Let us progress.
Some abortions were done by nurses. One had a chance at reasonable sterility with a nurse. Often a catheter was inserted into the womb, and left in place to act as an irritant that would cause a miscarriage, and expulsion of the fetus. A straightened clothes hanger was employed to give the catheter enough rigidity to pass through the cervix, and then the hanger was pulled out leaving the catheter (you hoped) in position. This was usually an overnight ordeal. You were in labor until it was over. If it worked.
There was also the method of having various fluids injected into the uterus. Chlorine bleach was one favored ingredient.
Then there was dilation and curettage, often done by a nurse, a medical student, a renegade doctor, or an old lady with dirty fingernails. Probably 90% of these were performed without the benefit of any anesthetic.
Doctors worked alone for the most part, with no one to monitor anesthesia administration. The other abortionists were in a hurry, and had no anesthesia. All of them expected you to lie there, hold still, and keep your mouth shut.
They were performed in doctor's offices in the middle of the night; in the homes of the women; in hotel rooms; in filthy slum apartments; in abandoned buildings...
They were done on floors with newspapers under the woman as a dubious concession to cleanliness; on kitchen tables; on filthy bare mattresses-no sheets that could be laundered for the sake of sanitation. The lucky ones were lying on a gynecological table with their feet in stirrups.
Women were held down or tied down, and at times blindfolded to protect the identity of the abortionist. Since silence was of the utmost importance some women were gagged, or had a hand held over their mouths. If there was a "helper" he or she dissolved into the mist as soon as it was over. Sometimes, if the woman was blindfolded, she had no idea of who actually performed the abortion. She might have contracted with a doctor, but was it a doctor?
Women died of perforated wombs, sepsis, severe blood loss, shock, and possibly, in the case of a weak heart let's say, of sheer terror and pain.
Their bodies were disposed of in dark hallways, cellars, dumpsters, on roofs, in alleys, into rivers, and wherever else one throws something that is of no value.
The women were left behind, or sent away as soon as the procedure was completed. If they were left where the abortion was performed, usually no one was there to see to them, to make sure they were all right. No one cared about them once it was done.
Many died right where they were. Alone. They died in an alley where they were dumped in the case of complications, or in their beds with their lives flowing like a river, out and away. They died in hospitals, and bus stations, train stations, in hotel rooms, in their cars trying to get home, or on the street where they fell.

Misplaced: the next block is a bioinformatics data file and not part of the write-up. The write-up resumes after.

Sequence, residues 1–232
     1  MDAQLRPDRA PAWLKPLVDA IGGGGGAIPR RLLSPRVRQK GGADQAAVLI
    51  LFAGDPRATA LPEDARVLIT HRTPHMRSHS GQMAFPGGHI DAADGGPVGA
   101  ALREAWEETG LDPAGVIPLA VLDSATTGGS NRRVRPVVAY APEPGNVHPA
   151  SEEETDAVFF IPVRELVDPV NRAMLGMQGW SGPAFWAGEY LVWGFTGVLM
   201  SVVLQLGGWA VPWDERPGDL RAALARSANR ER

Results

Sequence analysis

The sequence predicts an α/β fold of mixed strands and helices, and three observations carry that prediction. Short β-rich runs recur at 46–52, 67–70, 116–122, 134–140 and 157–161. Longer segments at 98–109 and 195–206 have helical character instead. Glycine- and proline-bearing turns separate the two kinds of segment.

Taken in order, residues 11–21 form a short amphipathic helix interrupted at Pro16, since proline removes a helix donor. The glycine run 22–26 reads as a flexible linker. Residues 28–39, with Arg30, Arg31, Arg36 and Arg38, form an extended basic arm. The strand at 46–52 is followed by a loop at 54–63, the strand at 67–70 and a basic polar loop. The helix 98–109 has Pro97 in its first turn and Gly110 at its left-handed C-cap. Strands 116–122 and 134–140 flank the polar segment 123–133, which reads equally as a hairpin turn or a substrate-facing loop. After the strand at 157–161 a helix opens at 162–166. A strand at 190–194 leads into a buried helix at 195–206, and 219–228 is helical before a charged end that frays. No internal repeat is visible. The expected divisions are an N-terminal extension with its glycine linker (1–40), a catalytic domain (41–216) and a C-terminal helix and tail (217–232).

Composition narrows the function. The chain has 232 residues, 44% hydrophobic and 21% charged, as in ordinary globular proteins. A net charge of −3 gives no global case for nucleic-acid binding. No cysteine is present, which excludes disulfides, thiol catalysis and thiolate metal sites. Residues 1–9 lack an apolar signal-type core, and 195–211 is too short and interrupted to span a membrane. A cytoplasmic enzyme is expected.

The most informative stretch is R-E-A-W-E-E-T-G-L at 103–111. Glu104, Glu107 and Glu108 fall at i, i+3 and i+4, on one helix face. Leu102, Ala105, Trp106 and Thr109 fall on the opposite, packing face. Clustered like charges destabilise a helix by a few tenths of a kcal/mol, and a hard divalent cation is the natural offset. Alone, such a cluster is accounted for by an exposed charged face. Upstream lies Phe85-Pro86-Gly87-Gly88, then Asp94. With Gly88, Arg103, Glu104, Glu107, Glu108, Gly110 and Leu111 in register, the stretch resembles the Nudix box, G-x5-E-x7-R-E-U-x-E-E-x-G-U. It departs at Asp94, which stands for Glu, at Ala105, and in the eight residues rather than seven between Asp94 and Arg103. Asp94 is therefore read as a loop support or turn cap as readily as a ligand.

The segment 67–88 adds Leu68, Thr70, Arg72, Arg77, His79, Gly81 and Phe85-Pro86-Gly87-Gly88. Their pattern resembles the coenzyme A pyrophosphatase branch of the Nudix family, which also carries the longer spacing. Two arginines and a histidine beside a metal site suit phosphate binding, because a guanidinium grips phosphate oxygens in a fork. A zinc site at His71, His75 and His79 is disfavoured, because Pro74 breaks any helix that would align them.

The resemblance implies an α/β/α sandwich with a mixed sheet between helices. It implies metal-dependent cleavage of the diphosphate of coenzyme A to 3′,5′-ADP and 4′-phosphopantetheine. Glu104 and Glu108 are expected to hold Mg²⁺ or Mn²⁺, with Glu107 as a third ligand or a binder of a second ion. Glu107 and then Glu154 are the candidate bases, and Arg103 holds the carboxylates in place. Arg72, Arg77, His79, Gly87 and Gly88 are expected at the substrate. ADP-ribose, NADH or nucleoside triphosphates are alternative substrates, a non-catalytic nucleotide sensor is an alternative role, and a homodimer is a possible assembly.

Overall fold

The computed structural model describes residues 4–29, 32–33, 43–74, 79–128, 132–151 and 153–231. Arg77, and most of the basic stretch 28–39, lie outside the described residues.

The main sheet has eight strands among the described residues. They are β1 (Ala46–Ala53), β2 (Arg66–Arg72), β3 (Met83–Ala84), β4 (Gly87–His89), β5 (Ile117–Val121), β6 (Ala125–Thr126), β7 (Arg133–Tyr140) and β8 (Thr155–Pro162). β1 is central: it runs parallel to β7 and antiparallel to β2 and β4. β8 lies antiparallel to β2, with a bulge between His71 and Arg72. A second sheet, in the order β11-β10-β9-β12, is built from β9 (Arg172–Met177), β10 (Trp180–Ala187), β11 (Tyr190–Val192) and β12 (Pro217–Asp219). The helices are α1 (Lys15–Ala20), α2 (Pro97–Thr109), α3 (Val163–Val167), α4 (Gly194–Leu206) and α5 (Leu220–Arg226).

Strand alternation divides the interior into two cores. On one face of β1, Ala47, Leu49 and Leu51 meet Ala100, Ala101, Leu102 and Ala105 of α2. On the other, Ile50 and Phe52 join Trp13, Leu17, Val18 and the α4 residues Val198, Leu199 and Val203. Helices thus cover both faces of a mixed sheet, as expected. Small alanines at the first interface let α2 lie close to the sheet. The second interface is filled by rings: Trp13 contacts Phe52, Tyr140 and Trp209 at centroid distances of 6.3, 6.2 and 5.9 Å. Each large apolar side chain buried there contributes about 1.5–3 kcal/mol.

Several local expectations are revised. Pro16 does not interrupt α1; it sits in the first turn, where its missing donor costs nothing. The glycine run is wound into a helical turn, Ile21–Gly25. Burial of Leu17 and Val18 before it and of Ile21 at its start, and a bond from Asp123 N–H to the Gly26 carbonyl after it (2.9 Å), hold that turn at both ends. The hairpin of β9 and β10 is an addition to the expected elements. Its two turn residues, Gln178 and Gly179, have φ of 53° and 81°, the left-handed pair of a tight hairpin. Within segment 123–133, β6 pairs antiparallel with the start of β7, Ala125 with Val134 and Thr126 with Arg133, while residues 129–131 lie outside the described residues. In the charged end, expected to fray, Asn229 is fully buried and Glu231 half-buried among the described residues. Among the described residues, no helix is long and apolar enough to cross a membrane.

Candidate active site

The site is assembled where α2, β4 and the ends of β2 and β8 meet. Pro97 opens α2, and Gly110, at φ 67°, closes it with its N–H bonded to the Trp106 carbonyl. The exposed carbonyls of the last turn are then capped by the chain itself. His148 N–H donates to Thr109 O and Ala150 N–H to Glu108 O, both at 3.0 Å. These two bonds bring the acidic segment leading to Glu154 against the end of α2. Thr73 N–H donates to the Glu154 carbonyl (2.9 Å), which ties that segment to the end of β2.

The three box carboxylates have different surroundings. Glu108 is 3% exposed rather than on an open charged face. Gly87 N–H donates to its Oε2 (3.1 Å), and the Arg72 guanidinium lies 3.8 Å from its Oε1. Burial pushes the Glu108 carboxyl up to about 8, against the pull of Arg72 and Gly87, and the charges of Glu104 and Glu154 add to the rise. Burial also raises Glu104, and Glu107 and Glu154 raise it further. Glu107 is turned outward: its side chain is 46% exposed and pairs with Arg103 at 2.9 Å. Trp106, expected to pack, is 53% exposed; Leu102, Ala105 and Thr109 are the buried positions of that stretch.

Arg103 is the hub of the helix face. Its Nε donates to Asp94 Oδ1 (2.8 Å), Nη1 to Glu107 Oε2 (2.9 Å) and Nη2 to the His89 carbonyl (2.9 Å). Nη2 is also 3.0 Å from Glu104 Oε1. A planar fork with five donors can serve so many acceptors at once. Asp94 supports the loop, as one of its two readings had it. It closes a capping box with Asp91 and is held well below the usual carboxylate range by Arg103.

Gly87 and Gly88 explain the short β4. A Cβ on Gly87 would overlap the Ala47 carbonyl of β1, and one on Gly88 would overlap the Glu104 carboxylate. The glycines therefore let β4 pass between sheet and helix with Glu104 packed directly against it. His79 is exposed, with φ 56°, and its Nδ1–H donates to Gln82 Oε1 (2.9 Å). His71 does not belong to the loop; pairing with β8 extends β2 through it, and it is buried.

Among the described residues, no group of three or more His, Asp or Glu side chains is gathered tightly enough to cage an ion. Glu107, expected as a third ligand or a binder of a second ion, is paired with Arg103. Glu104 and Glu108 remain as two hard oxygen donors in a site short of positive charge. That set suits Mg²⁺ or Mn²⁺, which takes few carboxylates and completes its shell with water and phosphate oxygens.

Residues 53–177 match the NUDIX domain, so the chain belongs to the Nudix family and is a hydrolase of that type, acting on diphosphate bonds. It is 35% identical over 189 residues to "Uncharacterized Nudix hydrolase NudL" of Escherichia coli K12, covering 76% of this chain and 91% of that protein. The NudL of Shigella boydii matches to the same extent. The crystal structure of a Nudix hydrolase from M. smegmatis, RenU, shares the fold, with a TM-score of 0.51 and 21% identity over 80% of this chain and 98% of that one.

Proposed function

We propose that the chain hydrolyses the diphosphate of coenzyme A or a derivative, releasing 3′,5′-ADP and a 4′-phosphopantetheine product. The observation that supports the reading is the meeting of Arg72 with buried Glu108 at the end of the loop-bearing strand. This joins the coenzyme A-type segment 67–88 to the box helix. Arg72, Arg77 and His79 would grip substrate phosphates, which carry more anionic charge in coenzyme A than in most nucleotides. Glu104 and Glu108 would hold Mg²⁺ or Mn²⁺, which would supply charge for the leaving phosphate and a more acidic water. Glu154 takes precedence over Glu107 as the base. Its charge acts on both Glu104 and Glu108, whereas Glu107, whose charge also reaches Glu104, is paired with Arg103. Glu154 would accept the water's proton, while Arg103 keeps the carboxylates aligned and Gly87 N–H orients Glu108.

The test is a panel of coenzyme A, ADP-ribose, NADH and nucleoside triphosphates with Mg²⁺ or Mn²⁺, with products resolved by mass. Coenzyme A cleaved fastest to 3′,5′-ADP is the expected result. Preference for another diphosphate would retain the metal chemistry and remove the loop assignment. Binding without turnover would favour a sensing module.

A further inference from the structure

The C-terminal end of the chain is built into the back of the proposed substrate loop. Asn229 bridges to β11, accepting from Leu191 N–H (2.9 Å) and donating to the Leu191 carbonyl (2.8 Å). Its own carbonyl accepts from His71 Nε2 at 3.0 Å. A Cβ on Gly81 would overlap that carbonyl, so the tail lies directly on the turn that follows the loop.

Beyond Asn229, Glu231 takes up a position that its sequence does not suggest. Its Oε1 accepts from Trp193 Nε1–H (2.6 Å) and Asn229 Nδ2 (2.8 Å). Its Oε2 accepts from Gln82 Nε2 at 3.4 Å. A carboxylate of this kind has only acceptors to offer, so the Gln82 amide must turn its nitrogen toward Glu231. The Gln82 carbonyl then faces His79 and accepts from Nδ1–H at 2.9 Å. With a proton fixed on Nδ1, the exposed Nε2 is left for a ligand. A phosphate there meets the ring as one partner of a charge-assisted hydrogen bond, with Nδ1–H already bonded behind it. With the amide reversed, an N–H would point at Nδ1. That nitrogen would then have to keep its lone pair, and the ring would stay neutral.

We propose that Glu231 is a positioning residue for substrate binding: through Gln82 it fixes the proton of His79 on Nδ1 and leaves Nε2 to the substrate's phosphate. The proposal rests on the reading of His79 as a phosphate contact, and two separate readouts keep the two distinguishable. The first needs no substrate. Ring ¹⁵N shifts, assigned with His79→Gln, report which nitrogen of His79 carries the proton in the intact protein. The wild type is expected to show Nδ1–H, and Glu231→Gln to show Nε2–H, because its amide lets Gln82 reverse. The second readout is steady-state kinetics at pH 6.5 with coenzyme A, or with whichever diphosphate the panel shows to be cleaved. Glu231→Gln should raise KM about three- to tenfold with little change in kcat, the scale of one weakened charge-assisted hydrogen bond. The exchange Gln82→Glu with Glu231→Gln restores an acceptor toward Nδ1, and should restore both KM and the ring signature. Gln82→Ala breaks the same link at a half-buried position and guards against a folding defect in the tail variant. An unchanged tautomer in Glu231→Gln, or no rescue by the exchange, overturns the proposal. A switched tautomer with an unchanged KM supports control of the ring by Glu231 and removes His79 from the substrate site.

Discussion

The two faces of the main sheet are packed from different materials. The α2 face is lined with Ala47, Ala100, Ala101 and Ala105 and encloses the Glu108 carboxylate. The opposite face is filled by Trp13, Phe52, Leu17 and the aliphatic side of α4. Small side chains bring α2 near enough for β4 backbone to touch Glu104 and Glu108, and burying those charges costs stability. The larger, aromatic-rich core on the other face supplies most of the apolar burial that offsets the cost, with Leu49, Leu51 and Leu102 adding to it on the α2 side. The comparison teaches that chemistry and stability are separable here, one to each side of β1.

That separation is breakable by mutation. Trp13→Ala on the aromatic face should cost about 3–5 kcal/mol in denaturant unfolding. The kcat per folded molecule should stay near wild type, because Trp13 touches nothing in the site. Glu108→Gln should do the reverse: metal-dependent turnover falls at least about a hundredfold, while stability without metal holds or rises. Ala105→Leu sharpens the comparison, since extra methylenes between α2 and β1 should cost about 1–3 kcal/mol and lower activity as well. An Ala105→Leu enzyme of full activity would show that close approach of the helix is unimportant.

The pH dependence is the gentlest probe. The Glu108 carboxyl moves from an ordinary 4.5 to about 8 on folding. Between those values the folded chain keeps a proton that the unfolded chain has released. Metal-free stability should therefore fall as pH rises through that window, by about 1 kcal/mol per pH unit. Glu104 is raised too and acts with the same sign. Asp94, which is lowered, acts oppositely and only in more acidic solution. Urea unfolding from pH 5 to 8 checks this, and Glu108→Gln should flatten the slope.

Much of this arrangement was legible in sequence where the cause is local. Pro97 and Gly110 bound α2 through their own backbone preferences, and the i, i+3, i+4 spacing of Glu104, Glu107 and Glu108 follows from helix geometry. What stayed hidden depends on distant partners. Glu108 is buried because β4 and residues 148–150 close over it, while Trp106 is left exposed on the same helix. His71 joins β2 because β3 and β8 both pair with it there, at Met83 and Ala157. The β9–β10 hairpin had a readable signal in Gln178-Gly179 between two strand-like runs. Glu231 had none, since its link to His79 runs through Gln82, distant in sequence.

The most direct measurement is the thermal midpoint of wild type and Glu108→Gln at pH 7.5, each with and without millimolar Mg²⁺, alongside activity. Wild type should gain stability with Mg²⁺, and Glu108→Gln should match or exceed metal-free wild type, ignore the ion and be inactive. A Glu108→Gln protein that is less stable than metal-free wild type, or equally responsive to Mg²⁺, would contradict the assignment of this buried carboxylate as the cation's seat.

Abortionists, like hookers, always got paid up front. They disappeared as soon as the job was done. The abortionists were protected by the women. Who else would help them if it happened to them again, or to a friend, or a relative?
WOMEN DIED. MANY, MANY WOMEN DIED.
Who is telling that part of it now?
Women have had abortions since time immemorial. They will have abortions whether they are legal or not. That cannot be stopped.
So what's better? To allow them a safe abortion, or to kill two birds with one slip of a hanger or curette, or knitting needle to satisfy the religious urge of a nation gone mad on the subject?
Again, the moral issue of abortion is a personal issue between the people involved and their god if they have one. It is not your business. It is not my business. Neither of us will pay the piper, nor go to hell for the actions of someone other than ourselves.
But we will pay the price extracted by our own unforgiving hearts that will not allow us to forget the terrible deed we will have done, if we consign women to the hell of illegal abortion again.
To be more specific, in the knowing of these realities I have spoken about here, we will be in hell every time we hear of a woman dying because of a dirty abortion.
Because we were silent.
Because we didn't tell the government to back off.
Because of some distorted ego, some almighty/divine attitude that tells some of us we know what's best for everyone.
Because this insanely distorted attitude allows us to demand the right to say no to women, no to their safety, no to their right of choice...through the edicts of this corrupt, draconian, hypocritical political administration presently in place.
In The Afterglow of Victory
February 24, 2003
All these years later, after the legalization of abortion, I can't help but think about the innocence of women today who are of childbearing age. It is amazing in a sense to realize that women have enjoyed for so long, freedom from the danger of an abortion gone terribly wrong, or the consequences of having been "caught" by the police and being thrown into jail, that struggling with an unwanted pregnancy isn't a normal topic of conversation among them any more.
I was astonished to discover that the methods and means of aborting in the past were completely unknown to young women today. That's how far removed we are from the legal scourge of yesteryear. There was a time, especially during the '60's, when asking women you knew whether they knew any abortionists, was a completely natural thing.